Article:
Each botanical fruit develops from a flower, and contains the next generation of the plant. Dissect a few fruits to understand the structures they share, and their role in plant reproduction.
- Assortment of botanical fruits (for example: apples, berries, figs, plums, corn, fava or green beans, pea pods, cucumbers, peppers, pomegranates)
- Cutting board
- Hand lens or dissecting microscope
- Paper and pencil for drawing and recording
- Optional: Flower (preferably a simple flower like a gladiola or Alstromeria, not shown)
Examine your assortment of fruits. Some might not seem like fruits to you, but many things we commonly call vegetables are defined by botanists as fruits.
What do your fruits have in common? Do you notice any similarities among the structures on the outsides of the fruits? Draw or describe these structures.
Cut each fruit in half (or for beans or corn, open up the pod or ear) and examine its insides with a hand lens. Do you notice similar structures inside the different fruits? What kinds of symmetry can you find in these structures? Try cutting a half in half again to get a closer look. Count or estimate how many seeds your fruit has. Draw or describe what you notice.
If you have a flower, carefully examine its structures. Cut the flower in half lengthwise (or do a complete dissection, as described in the Flower Dissection Science Snack). Do you notice any similarities between the structures of the flower and those of the fruit?
Some of your fruits may have structures left over from their past lives as flowers. For example, pea pods, peppers (first photo below), and other fruits retain the stem and sepals—the leaflike structures surrounding the flower’s petals. If you look closely at some fruits, you can often find the remnants of the flower’s sex organs. The multiple dried filaments on the bottom of an apple or the top of a pomegranate or strawberry (second photo below) are former stamens, the structures that carry pollen. The single filament at the bottom of a pepper or a pea pod, and the filaments on every bump of a raspberry (third photo below), are former stigmas, structures connected to the ovary. (Click on photos to enlarge.)
The shape of a fruit and the arrangement of its seeds can give you clues about the structure of the flower it came from. For example, a fruit with radial symmetry and radially arranged seeds, like an orange or an apple, grew from radially symmetrical flowers. And a fruit with many seeds came from a flower with many ovules.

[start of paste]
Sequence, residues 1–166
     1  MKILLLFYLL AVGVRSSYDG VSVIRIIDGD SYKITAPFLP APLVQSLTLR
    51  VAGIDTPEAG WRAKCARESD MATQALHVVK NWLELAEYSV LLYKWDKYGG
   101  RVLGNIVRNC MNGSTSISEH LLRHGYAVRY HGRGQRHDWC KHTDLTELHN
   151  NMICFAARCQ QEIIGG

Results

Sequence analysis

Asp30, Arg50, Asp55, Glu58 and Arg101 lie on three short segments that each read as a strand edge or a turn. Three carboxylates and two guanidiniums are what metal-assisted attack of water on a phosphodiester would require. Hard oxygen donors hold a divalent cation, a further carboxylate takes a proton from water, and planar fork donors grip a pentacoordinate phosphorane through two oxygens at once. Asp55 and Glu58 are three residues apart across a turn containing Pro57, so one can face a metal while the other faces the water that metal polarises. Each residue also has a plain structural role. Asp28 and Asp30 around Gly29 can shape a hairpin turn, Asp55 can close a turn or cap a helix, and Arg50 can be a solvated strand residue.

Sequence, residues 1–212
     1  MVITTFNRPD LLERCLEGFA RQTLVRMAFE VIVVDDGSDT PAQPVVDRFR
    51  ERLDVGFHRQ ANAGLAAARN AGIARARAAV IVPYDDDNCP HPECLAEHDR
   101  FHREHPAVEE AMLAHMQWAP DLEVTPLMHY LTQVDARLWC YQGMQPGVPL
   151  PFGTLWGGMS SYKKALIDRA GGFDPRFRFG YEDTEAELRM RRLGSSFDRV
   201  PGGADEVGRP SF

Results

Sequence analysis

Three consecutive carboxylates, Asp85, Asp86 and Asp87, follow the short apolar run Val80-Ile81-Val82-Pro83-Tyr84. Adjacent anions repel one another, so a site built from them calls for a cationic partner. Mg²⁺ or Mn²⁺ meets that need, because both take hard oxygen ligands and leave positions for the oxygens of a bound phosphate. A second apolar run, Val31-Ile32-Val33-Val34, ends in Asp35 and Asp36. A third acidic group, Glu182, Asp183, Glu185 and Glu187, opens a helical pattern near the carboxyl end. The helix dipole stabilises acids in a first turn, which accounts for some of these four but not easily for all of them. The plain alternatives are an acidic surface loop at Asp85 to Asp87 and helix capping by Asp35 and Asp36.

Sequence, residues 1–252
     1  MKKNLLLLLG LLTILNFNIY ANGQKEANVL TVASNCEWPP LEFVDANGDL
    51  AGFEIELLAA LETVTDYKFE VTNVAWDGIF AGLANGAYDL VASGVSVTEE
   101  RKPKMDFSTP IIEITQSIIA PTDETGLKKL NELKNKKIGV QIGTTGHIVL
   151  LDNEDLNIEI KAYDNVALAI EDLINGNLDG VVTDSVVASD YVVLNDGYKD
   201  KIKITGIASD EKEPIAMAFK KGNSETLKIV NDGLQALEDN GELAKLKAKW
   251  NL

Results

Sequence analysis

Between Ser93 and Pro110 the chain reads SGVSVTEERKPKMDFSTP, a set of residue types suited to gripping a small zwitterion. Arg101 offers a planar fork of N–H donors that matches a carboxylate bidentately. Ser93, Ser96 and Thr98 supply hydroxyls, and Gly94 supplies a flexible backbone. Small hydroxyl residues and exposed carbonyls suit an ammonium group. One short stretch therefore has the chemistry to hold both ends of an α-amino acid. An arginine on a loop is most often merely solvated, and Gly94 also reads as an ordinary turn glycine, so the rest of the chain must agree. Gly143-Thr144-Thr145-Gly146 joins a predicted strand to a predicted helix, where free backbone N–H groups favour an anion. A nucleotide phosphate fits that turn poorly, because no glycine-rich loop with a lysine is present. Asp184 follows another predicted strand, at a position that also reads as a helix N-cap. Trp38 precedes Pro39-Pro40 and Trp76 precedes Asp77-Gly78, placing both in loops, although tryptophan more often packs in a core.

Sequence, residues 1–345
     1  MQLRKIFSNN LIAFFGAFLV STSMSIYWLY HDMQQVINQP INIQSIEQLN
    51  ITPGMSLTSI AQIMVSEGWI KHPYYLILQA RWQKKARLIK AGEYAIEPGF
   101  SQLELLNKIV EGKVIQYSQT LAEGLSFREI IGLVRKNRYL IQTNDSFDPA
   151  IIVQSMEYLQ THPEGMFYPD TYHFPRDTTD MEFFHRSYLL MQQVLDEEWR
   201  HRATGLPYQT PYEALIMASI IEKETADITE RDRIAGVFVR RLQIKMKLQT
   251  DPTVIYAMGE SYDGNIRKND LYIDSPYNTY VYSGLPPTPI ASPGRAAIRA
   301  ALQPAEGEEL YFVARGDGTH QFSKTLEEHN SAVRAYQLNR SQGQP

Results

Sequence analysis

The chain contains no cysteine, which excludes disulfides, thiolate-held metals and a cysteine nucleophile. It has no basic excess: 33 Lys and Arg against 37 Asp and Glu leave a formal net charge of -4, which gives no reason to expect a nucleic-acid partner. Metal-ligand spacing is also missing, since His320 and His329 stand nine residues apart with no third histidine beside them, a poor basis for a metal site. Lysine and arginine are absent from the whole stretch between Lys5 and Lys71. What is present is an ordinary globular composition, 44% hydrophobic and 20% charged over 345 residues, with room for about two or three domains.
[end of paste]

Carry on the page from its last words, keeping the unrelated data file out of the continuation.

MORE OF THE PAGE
Some fruits retain even more dramatic forms of their flowery past: corn, for example, contains long strands of silk. Each kernel of corn is a former ovule attached to its own strand of silk. When corn is fertilized, pollen containing the sperm cells lands on the tip of each silk strand, then travels down the silk to fertilize the ovule inside the husk. And the “baby corn” you buy in the grocery store are unfertilized ovules.
Although dissecting fruits alone is a valuable exercise, connecting the structures found in fruits to those found in flowers can help students to better understand the reproductive cycles of plants and the diverse adaptations that have made flowering plants so successful. By dissecting many types of fruit, students notice that seeds are the common structures. The fruit dissection can be followed by dissecting a seed to observe the baby plant inside.
If it’s possible to get extra fruits for your class, students can cut the same type of fruit in different directions. For example, an apple can be cut through the equator and through the stem and the bottom. This makes it easier for students to visualize the internal structures.
Providing too much vocabulary in the introduction to this activity typically interferes with students’ ability to make their own observations. Before giving them terms for botanical structures, let students notice and use their own language to describe what they see, and let them reason about the connections between the structures they notice.
Drawing can help focus their observations. Ask students to notice and draw the structures outside and inside the fruits, and the similarities between fruit structures and flower structures. Ask them how they would argue from this evidence that fruits are related to flowers.
It’s often difficult to distinguish between the remnants of stamens and stigmas on the outsides of fruits. Ask your students to reason based on their observations—they might notice that stamens are more numerous than stigmas, for example, or notice the presence of dried anthers, the pollen-containing structures of a stamen.